Celsius bankruptcy judge authorizes the sale of $7.4M worth of Bitmain coupons
Debtors for crypto lender Celsius Network have the authority to sell coupons for mining firm Bitmain coupons worth roughly $7.4 million following a ruling from a bankruptcy judge.
In a Feb. 16 court filing, United States Bankruptcy Judge Martin Glenn said it was in the “best interests of the Debtors’ estates, their creditors, and other parties” to allow Celsius debtors to sell their Bitmain coupons. The judge’s ruling does not require the debtors to liquidate the holdings in question, but they would need the consent of the committee of unsecured creditors.
Christopher Ferraro, interim chief executive officer of Celsius, claimed in a Feb. 9 declaration that the debtors expected to sell the Bitmain coupons for roughly $7.4 million. According to the interim CEO, the coupons allowed interested parties to buy Bitmain mining rigs with a 10% to 30% discount on future purchases.
“While $7.4 million is a significant discount from the Bitmain Coupons’ nearly $37 million face-value, the Debtors believe that such a price is commensurate with the market and preferable to the Bitmain Coupons expiring worthless in the Debtors’ possession,” said Ferraro at the time. “Based on the Debtors’ marketing efforts for the sale of similar assets, the Debtors anticipate that selling the Bitmain Coupons at a significant discount to their face-value is required.”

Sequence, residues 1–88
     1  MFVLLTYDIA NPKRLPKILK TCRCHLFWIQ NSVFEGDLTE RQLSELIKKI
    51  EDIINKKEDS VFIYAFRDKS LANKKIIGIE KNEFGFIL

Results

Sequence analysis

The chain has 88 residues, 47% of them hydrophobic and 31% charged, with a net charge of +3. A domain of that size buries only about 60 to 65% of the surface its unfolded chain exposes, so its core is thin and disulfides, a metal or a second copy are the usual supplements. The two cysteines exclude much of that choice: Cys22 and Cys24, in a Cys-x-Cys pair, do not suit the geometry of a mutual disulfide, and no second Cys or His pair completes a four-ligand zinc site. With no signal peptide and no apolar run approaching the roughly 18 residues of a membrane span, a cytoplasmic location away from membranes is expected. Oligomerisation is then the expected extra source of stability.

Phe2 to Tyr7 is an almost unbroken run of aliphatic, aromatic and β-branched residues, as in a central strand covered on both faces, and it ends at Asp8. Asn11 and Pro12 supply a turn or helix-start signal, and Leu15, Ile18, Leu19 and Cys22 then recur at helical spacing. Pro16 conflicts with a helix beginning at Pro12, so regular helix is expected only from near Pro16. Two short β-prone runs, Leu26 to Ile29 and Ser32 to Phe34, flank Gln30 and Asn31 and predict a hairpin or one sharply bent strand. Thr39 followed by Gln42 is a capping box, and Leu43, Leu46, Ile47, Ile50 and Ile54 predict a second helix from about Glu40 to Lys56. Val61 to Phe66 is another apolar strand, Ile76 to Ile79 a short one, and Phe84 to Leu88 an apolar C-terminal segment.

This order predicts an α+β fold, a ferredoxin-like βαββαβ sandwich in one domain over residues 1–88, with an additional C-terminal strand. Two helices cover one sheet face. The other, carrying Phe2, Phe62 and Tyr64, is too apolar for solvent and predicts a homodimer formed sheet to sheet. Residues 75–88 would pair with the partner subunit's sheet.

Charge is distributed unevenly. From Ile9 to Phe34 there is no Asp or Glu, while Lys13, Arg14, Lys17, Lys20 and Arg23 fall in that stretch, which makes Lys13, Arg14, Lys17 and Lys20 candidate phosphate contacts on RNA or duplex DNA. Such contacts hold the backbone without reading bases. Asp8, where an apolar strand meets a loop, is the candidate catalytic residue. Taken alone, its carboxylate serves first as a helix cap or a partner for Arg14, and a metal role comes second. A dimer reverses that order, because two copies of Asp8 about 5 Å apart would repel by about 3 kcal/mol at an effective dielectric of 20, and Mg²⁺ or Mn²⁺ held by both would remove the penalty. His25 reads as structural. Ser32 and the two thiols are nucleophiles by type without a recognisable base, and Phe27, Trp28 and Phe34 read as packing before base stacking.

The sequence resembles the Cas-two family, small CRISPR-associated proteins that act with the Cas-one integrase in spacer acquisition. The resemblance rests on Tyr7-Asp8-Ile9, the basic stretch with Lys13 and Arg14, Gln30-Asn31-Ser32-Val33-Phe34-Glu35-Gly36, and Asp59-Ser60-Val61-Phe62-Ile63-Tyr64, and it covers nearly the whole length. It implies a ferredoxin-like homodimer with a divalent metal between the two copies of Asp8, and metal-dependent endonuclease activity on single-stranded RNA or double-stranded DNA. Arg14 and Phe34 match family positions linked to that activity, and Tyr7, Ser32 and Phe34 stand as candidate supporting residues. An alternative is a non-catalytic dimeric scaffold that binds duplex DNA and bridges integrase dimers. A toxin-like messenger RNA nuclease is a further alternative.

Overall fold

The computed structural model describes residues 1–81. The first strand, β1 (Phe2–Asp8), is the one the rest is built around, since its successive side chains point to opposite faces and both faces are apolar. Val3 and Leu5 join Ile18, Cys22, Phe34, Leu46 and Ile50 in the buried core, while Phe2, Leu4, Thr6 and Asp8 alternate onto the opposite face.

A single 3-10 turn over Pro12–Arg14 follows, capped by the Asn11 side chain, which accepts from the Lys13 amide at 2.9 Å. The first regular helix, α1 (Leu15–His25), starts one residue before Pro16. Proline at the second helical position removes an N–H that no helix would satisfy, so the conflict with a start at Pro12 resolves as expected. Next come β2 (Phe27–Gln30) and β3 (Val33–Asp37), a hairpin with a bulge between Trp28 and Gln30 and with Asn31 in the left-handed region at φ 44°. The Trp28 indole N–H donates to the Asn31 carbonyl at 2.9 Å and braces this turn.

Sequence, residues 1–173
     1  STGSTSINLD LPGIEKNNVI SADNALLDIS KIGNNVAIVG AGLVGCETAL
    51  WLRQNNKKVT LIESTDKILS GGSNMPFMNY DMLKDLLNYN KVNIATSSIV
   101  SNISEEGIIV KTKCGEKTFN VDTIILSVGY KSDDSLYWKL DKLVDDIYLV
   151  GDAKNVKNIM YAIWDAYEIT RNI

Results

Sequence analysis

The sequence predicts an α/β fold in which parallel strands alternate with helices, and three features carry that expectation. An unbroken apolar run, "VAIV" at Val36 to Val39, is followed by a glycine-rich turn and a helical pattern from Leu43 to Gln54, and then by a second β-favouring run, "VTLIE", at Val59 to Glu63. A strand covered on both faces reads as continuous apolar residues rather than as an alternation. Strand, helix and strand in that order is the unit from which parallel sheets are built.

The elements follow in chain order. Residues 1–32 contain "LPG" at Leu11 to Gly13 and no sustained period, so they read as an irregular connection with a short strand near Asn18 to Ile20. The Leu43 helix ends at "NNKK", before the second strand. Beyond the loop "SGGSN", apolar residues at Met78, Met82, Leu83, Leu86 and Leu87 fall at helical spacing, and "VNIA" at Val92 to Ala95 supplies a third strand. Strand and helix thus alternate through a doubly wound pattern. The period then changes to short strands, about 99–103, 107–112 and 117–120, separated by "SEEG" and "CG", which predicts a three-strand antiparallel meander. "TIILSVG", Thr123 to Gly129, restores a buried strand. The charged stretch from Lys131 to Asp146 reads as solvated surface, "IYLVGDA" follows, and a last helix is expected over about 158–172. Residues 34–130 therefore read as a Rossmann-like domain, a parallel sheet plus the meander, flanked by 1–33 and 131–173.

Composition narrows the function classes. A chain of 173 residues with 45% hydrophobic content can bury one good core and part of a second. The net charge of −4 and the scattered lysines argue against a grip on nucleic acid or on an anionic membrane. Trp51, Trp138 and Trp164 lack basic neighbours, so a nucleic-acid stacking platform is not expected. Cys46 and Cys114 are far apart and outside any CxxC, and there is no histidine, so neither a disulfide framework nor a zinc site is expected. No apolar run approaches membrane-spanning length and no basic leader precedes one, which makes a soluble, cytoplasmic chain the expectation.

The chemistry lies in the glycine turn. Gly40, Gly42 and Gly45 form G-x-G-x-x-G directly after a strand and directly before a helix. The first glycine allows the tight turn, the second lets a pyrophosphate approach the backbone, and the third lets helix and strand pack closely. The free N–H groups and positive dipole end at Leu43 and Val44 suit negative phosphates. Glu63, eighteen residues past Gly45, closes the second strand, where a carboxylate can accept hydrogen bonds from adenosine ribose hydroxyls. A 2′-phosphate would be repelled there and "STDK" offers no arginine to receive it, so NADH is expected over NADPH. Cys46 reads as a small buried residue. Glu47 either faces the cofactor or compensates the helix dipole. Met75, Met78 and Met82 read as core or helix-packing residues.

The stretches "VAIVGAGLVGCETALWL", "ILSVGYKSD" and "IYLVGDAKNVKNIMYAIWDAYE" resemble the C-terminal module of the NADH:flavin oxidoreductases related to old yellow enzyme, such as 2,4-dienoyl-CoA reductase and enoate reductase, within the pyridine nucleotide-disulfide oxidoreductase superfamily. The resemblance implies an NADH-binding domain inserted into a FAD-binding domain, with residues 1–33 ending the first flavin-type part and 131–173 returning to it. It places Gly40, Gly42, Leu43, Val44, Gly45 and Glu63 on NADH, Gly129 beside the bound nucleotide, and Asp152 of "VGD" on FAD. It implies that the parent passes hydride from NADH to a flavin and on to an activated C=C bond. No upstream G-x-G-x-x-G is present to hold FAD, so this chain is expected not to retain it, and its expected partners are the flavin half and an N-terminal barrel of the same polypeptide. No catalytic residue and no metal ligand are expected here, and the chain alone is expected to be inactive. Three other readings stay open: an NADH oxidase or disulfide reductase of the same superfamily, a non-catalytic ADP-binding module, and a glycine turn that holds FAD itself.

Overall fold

Judge Glenn’s ruling followed debtors for the crypto lending firm presenting a restructuring plan on Feb. 15, in which Celsius chose NovaWulf Digital Management as a sponsor. The proposed plan had NovaWulf offering a direct cash contribution of between $45 million and 55 million to the new restructured company.
Related: Celsius creditors committee proposes suing Mashinsky, other Celsius execs
Bankruptcy proceedings for major firms affected during the 2022 market crash are underway across courts in the United States. Crypto exchange FTX — facing scrutiny in bankruptcy court as well as being at the center of a criminal case in federal court — recently issued subpoenas to company insiders, including former CEO Sam Bankman-Fried.
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